Traditional ways of doing business are under threat for retail companies—but it’s not all doom and gloom. With the right approach, you can counter the potential negative impacts of changing demographics, technology, and behaviors in the consumer sector to capitalize on this shift.
In part one of our two-part series, we look at how diversifying your sales channels and embracing digital tools can help traditional retail companies get ahead.
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Driving digital transformation in the retail industry
Businesses that embrace multi-channel sales in both the B2B and B2C markets can drive growth by expanding their existing customer base. Likewise, selling on new channels like Amazon opens your business up to a whole new subset of customers who may otherwise not know you exist.
For digital-first B2C brands, expanding into the wholesale market might seem a little daunting. However, selling to other businesses can reveal new revenue streams that you might not have realized before. Wholesalers can enjoy larger order sizes and repeat purchases—but it’s important to effectively manage your inventory so you can meet and monitor the demand for your product, no matter the buyer.
Product bundling, upselling, and cross-selling your existing customers can also open the door to increased revenue, while also helping your customers see your brand in a new light. As more brands emerge in an already busy market, it’s more critical than ever to maintain multiple revenue streams.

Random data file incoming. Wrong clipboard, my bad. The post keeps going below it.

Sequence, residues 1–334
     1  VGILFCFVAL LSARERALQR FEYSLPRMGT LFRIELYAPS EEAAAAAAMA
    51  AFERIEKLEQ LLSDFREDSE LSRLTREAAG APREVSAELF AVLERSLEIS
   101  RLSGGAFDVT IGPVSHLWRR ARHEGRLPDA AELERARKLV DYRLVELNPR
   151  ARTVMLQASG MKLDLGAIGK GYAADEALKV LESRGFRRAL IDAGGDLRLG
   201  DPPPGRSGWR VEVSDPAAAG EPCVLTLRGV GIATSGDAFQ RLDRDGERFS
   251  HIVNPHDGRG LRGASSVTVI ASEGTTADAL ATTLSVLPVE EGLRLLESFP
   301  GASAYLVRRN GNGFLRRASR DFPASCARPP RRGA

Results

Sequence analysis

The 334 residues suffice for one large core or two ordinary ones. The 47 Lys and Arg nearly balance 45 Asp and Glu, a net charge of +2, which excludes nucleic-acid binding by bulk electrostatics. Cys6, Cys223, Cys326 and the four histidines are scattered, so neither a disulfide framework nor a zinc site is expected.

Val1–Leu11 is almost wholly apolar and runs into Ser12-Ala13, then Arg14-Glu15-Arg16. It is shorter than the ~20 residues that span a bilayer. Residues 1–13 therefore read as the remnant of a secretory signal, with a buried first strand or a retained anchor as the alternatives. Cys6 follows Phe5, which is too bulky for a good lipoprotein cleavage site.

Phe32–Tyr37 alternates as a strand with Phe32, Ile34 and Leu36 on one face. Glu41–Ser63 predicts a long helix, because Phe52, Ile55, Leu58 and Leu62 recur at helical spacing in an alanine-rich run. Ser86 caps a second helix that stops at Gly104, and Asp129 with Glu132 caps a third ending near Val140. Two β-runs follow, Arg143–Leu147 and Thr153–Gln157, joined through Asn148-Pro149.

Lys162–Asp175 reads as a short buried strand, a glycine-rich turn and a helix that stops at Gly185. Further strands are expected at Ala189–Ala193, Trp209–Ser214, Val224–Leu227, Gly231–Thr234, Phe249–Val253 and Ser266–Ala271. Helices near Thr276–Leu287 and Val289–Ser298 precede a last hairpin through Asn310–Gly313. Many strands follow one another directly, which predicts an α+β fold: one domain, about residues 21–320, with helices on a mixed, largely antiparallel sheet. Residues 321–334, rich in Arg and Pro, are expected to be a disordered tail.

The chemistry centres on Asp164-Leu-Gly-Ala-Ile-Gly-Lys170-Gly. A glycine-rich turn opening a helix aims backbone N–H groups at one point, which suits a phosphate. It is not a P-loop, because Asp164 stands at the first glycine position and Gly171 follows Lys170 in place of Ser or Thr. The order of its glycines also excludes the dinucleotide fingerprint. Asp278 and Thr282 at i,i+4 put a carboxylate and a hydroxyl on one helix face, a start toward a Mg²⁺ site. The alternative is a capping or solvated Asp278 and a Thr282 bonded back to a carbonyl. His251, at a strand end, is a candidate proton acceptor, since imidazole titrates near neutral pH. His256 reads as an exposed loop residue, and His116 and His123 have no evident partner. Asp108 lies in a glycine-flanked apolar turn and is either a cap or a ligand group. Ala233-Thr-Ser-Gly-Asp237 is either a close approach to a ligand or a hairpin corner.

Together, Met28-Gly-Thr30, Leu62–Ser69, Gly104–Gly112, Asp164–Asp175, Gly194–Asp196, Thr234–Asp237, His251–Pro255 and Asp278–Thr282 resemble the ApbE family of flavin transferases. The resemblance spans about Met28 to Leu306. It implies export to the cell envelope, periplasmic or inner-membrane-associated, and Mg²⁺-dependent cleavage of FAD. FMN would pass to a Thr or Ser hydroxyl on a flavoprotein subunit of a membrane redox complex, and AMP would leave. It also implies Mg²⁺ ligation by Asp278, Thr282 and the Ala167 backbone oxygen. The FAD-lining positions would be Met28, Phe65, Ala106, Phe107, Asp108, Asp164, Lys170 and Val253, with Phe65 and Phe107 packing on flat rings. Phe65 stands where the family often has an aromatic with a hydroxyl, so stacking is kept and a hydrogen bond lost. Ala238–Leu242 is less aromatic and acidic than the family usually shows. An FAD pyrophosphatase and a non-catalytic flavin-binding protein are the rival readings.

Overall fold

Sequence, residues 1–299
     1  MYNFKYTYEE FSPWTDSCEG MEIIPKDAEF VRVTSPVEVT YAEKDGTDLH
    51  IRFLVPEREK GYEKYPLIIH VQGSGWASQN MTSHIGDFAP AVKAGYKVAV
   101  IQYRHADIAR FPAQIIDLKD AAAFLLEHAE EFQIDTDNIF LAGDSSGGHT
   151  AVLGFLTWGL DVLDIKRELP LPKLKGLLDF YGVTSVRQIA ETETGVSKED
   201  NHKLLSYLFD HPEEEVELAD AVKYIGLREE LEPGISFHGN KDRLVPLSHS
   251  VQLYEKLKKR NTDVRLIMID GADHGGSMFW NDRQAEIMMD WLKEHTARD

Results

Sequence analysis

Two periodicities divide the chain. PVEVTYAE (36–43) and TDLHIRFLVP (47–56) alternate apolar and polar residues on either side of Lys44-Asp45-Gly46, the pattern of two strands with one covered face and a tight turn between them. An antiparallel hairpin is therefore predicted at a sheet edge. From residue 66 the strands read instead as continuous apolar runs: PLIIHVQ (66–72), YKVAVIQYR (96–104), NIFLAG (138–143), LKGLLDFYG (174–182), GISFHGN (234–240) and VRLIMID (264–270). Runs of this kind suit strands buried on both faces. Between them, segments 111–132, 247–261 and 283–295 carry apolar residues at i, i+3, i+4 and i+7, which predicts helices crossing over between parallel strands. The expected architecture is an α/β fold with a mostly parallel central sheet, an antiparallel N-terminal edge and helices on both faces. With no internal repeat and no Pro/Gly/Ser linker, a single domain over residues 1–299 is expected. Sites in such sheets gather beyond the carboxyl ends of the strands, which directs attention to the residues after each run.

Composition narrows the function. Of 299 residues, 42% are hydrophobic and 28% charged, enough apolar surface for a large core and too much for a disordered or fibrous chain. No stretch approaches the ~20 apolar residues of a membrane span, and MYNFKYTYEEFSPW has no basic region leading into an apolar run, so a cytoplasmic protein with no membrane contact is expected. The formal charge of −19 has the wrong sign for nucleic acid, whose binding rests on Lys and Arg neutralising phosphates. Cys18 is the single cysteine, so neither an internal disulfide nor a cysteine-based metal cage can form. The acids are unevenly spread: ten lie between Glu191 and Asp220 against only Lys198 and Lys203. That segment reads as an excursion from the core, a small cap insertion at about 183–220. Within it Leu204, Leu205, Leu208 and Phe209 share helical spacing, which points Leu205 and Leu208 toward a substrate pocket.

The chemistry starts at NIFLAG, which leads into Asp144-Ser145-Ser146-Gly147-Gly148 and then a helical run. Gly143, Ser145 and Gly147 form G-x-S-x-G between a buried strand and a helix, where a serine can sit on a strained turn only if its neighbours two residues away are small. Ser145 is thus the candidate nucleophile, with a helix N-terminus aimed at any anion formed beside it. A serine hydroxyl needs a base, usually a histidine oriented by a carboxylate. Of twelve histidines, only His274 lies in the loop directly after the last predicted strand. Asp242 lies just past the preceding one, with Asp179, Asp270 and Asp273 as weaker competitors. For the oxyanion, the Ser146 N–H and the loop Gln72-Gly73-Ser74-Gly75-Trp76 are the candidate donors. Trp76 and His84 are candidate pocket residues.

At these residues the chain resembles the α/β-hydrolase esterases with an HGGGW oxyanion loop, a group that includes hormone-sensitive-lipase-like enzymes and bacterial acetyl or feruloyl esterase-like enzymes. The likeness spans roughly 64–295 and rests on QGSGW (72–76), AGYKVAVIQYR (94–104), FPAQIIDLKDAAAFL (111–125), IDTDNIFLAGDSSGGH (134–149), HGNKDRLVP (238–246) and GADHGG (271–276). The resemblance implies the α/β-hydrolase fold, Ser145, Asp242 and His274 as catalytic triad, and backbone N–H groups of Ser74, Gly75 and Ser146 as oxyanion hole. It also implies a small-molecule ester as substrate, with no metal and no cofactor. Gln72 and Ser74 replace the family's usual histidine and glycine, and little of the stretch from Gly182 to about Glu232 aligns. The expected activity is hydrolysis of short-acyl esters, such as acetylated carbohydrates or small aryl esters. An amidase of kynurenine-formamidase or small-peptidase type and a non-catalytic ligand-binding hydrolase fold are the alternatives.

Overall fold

Consumers of all ages are actively seeking out the convenience of online purchasing. According to KPMG, Baby Boomers and Gen Xers are shopping online just as often as their millennial peers. Baby Boomers make, on average, 15.1 transactions per year, while millennials make an average of 15.6 transactions online a year. Gen Xers are even more active, making an average of 18.6 online transactions each year.
The B2B market is especially ripe for innovation when it comes to embracing digital technologies. Wholesale buyers are bringing their personal, digital-focused B2B buying habits into the B2B sphere and expecting a sophisticated buying experience. As such, businesses that can offer wholesale customers a personalized eCommerce shopping experience and hassle-free purchasing options stand to see the strongest growth.
Similarly, leading digital-born micro-brands are turning their attention to artificial intelligence (AI) and augmented reality (AR) to optimize the shopping experience for consumers, such as allowing buyers to virtually try on makeup before committing to a purchase. In fact, L’Oreal recently purchased the leading AR makeup provider, ModiFace, so they can better leverage people’s interest in the intersection of AR and cosmetics.
Photo credit: Sephora
What’s more, businesses can use the data they collect from these AI and AR tools to inform their future strategies. With these innovations, brands can more easily understand what their customers want and work to bring these products and services to the market in the most effective way possible.
In part two of this series, we look at how streamlining operations and focusing on community and customer relationships are key to success for retail brands.
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